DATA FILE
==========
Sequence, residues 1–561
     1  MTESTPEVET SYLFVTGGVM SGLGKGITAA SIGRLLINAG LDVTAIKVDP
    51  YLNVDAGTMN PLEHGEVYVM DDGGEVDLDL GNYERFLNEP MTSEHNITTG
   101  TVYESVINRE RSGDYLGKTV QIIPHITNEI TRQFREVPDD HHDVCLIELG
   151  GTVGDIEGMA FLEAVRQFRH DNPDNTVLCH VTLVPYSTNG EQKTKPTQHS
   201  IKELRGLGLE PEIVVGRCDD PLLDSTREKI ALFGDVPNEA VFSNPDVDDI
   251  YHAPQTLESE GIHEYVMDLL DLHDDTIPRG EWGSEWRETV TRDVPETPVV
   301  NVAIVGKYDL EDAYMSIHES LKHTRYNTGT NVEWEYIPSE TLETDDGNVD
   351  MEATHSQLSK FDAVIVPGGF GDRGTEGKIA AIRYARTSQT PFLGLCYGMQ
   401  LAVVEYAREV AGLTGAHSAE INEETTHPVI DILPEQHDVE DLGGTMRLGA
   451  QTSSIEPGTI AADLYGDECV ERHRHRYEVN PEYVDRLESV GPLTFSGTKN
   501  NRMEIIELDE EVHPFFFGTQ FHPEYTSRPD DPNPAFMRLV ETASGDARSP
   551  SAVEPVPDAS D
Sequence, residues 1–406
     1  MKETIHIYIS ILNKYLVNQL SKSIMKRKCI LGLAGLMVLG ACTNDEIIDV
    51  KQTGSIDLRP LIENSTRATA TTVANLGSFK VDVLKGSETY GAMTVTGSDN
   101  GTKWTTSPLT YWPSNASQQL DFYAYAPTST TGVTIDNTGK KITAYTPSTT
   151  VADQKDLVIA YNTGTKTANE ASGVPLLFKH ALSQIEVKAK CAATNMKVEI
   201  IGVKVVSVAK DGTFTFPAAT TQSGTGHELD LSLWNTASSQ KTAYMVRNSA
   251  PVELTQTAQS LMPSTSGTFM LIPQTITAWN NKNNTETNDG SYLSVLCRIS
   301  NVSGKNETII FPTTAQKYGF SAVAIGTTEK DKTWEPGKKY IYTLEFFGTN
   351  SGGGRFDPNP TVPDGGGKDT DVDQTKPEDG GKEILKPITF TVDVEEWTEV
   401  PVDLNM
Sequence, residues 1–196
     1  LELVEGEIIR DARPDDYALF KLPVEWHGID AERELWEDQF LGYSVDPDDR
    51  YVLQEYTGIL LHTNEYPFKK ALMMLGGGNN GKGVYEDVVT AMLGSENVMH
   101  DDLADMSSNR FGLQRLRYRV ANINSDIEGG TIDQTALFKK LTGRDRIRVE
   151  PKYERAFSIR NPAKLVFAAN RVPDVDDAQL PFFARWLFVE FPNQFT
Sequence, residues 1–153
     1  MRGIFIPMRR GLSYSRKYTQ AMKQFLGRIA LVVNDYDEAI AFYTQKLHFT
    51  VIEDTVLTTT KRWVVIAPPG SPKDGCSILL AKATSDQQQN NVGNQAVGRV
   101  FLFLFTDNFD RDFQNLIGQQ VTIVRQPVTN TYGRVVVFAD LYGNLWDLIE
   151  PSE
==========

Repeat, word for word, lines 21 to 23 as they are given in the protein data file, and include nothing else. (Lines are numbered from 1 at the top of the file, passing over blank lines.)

   301  NVSGKNETII FPTTAQKYGF SAVAIGTTEK DKTWEPGKKY IYTLEFFGTN
   351  SGGGRFDPNP TVPDGGGKDT DVDQTKPEDG GKEILKPITF TVDVEEWTEV
   401  PVDLNM